School of Communication and the Arts


Doctor of Philosophy in Communication (PhD)


Robert Mott


Internal strategic financial communication, input-process-output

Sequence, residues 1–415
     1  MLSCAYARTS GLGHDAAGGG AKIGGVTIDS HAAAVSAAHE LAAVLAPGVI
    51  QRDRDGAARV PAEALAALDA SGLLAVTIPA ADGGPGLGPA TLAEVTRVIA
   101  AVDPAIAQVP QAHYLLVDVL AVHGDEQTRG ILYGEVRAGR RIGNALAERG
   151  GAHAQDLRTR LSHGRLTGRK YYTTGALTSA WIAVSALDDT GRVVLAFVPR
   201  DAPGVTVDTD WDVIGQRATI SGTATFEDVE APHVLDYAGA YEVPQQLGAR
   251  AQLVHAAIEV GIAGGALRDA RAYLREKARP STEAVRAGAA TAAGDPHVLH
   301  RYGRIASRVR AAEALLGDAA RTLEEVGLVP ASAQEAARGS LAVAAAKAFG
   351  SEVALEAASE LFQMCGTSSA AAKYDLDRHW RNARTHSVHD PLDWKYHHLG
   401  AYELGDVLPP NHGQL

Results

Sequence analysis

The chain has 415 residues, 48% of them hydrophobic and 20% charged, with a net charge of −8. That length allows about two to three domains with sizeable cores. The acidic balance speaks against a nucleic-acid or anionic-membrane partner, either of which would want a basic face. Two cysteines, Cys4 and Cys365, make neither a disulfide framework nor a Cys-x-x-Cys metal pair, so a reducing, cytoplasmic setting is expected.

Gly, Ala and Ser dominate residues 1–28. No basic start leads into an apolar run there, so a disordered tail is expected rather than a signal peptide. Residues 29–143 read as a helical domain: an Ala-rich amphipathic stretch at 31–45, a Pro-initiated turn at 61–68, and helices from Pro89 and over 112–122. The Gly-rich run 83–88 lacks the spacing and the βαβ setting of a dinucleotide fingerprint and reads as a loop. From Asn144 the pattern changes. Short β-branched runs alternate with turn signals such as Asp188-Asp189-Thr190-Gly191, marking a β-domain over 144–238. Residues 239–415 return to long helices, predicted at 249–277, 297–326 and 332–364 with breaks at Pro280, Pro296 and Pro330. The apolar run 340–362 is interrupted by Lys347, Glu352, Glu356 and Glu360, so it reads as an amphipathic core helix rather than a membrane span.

The purpose of this instrumental case study was to explore how non-financial branch managers at US mortgage companies processed the decoding of internal strategic financial communication (ISFC) when the message was encoded by the language of numbers (LON). The LON includes Generally Accepted Accounting Principles (GAAP). A non-financial branch manager is an individual who manages a mortgage company branch office and may not possess LON decoding proficiency. This lack of LON decoding proficiency could result in ISFC decoding errors, potentially resulting in unintended financial consequences. Financial miscommunication is connected to the failure of over 50% of new small businesses each year. Business failure creates significant emotional and financial consequences for the individual employees impacted by the dissolution of the business. The central research question identified as CRQ/RQ1 asks: How does a receiver decode internal strategic financial communication when the receiver is unfamiliar with the encoding scheme? The data collection methods included interviews, questionnaires, and observational methods to generate codes and themes that were analyzed through a qualitative approach. The seven participants provided the findings that suggest noise from the LON-encoded message resulted in a communication transmission error. The implications suggest that an alternative delivery format and an appreciation of the identified relationship between message complexity and receiver motivation might improve communication.

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